The Cheyenne Nation or Tsêhéstáno was at one time composed of ten bands that spread across the Great Plains from southern Colorado to the Black Hills in South Dakota. They fought their traditional enemies, the Crow and later (1856–1879) the United States Army forces. In the mid-nineteenth century, the bands began to split, with some bands choosing to remain near the Black Hills, while others chose to remain near the Platte Rivers of central Colorado.
The Northern Cheyenne, known in Cheyenne either as Notameohmésêhese, meaning “Northern Eaters” or simply as Ohmésêhese meaning “Eaters”, live in southeastern Montana on the Northern Cheyenne Indian Reservation. Tribal enrollment figures, as of late 2014, indicate that there are approximately 10,840 members, of which about 4,939 reside on the reservation. Approximately 91% of the population are Native Americans (full or part race), with 72.8% identifying themselves as Cheyenne. Slightly more than one quarter of the population five years or older spoke a language other than English.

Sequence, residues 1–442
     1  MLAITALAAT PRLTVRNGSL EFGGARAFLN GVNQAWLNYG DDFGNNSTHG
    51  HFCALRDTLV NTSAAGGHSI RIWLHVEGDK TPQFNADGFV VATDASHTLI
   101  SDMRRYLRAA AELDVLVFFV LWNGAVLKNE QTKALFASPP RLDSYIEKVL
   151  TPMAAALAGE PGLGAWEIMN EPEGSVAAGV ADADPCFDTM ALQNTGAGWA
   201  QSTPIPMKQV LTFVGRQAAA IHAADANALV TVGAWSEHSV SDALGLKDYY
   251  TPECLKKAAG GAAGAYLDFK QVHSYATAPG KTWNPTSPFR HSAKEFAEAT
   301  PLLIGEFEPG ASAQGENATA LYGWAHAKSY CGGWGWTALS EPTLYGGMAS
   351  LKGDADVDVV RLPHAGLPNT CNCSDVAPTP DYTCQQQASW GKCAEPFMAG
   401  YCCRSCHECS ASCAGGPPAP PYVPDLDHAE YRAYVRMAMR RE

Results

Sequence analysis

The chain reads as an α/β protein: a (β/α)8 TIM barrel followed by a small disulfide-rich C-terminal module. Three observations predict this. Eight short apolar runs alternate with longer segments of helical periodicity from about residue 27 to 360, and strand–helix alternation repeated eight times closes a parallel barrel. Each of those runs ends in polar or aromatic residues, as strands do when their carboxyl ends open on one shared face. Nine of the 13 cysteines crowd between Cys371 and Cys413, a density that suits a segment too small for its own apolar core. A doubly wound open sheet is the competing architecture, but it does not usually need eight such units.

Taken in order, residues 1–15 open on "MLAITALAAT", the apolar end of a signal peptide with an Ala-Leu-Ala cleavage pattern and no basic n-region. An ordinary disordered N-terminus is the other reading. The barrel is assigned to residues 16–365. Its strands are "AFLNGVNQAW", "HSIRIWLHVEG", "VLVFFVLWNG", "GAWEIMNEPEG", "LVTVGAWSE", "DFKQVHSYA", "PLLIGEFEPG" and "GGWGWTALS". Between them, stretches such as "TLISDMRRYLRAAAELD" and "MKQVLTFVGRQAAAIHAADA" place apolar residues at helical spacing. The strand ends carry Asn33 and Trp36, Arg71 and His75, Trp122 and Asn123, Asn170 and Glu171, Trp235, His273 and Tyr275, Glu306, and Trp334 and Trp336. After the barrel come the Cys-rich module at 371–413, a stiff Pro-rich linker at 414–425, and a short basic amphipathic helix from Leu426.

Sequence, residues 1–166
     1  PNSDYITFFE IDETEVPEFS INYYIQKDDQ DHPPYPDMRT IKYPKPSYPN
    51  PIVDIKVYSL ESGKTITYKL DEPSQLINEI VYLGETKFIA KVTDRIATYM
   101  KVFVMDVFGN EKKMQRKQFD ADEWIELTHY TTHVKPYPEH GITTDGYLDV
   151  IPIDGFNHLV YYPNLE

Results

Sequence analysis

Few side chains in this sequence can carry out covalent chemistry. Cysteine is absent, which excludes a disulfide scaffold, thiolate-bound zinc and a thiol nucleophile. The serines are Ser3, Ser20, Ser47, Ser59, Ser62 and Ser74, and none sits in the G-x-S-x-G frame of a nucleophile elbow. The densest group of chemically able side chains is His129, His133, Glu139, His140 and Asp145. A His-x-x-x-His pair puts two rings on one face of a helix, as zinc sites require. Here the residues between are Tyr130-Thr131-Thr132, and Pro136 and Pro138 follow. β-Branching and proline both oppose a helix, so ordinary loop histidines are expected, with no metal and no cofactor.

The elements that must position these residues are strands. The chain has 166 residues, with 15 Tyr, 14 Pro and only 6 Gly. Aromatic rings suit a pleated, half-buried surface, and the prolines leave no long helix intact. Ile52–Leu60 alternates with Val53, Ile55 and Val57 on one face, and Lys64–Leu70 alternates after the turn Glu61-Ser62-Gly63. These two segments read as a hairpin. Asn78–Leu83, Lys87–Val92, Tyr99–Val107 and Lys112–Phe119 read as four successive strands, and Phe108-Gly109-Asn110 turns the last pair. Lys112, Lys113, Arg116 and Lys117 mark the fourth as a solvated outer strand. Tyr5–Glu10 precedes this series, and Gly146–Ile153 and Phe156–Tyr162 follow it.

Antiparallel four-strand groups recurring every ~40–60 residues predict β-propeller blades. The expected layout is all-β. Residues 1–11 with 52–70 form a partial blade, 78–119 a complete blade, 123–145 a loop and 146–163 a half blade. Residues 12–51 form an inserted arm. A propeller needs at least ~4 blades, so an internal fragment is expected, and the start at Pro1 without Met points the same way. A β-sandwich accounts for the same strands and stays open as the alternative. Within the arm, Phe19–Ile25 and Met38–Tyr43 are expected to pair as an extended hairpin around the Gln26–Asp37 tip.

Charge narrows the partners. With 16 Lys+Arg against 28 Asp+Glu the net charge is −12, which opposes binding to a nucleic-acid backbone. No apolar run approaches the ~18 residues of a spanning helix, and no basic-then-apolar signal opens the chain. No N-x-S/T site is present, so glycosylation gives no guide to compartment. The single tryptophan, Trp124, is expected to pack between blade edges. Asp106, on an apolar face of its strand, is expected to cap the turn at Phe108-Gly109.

The Southern Cheyenne, known in Cheyenne as Heévâhetaneo’o meaning “Roped People”, together with the Southern Arapaho, form the Cheyenne and Arapaho Tribes, in western Oklahoma. Their combined population is 12,130, as of 2008. In 2003, approximately 8,000 of these identified themselves as Cheyenne, although with continuing intermarriage it has become increasingly difficult to separate the tribes.